Also an absolute game changer? The breastfeeding timer app. Worth every penny. I still use it for every feed and I love that it gives me stats etc. on Ben’s eating time, duration, etc. and reminds me which side to use next. It’s so helpful because having an infant means you live in a time warp and I’ll swear I just fed him and he’ll be wailing and I’ll be like wtf? And lo and behold, an hour and 40 minutes has gone by since the last feed so he’s wailing cause he’s hungry again. Basically it’s helpful if you’re especially forgetful.

After I decided not to go back to work full-time, I stopped pumping nearly as often. We have a small freezer stash and while I’d like to build it up, some days pumping just doesn’t happen and now that’s okay. Often times if Ben is sound asleep by 10, I’ll pump once before bed and freeze that.

These days Ben eats about 8 times a day and each feed is about 20-25 minutes. That’s about 3 hours of our day, every day. Some nights he sleeps for one 6-7 hour stretch, others he wakes up about 4 hours in to his sleep and eats and goes back to sleep.

Overall it’s been mostly smooth sailing. Considering the many horror stories I’ve read in blog land, I count myself lucky. I have no real advice to give except to say that sometimes things just happen easily and nothing that I did or didn’t do caused that.

I guess I’ll pat myself on the back for a minute and say that I’m proud that I was so committed to pumping in the NICU, as the nurses offered to give him formula several times (to ease the burden on me and allow me some rest) but I always declined. I was dedicated to pumping every single time he ate and with the schedule in the NICU, those pumping sessions meant my max sleep time between feeds was 1 hour and 50 minutes (more on that here). That’ll do some crazy things to your brain.

My general goal is to make it to a year however I won’t beat myself up about it if it stops working well for us before then.

That said (and this is said with zero judgement to other Moms – fed is best), I’m a little shocked by how pushy formula manufacturers are.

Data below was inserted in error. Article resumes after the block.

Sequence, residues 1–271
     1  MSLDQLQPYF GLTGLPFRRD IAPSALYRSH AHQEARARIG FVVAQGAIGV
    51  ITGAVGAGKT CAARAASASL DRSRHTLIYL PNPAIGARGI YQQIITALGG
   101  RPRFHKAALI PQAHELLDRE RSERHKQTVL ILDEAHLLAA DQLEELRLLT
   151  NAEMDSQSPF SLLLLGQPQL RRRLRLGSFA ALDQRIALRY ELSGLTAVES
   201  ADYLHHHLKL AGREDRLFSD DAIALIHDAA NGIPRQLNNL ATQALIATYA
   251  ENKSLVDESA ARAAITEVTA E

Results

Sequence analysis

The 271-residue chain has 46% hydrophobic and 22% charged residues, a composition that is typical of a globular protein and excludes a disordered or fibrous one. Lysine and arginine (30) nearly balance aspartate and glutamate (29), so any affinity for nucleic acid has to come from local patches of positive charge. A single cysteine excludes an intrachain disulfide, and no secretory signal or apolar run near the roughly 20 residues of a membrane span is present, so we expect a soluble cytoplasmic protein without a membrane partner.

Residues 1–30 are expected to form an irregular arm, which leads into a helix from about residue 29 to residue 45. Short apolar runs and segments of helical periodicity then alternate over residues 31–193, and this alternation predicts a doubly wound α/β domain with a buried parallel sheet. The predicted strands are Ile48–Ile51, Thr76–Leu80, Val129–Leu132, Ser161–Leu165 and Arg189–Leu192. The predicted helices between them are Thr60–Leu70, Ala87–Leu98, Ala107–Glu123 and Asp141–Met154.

Before I’d even had Ben I had received an entire package (like an actual shoebox size package) of formula from one brand and have since received a thick envelope (with samples) from another. On a weekly basis I receive a piece of mail from each major formula company and they always include a coupon or a “check” for a rebate on formula.

It just feels very pushy, like they want you to quit breastfeeding. Like if I hadn’t made up my mind yet, firmly, that I would have given him their formula and we’d all be hooked. I did save it but it does feel odd that they’re so pushy about it. Honestly, they rival insurance companies with how aggressive they are with their marketing. It’s like they’re rooting for me to fail.

In general, I feel very lucky that I have the support of my husband, family, and friends to continue breastfeeding. There are so many barriers to breastfeeding for woman in this country. I know social support plays a huge role in breastfeeding success and I’m lucky to have that (and have so many women in my life to bounce questions off of!).

I’m also fortunate that I have the opportunity to work part-time from home and therefore can breastfeed whenever necessary, without worrying about pumping in the workplace, etc. I say this simply to point out that I realize that my situation is not typical for many Moms and that this has played a huge part in our breastfeeding experience so far. I have no idea how long I would have been able to keep this up if I’d had to pump every two hours at work all day.

I was hesitant to post this because it’s a lot of boob talk for this blog but a few people requested it. It’s part of my motherhood experience and I’m so grateful to other woman who have shared their experiences with me in the past. I also debated because this isn’t something Ben can weigh in on (remember how we decided what we’re sharing about our child on the internet) and I’m sharing something that is his experience also. That said, this is my side of the experience and hey, this blog will probably be dead before he hits middle school (Or will it? 6 years in, my friends…).

Not enough nipple shield talk for you? Leave a comment below if there’s anything you’d like to chat more about.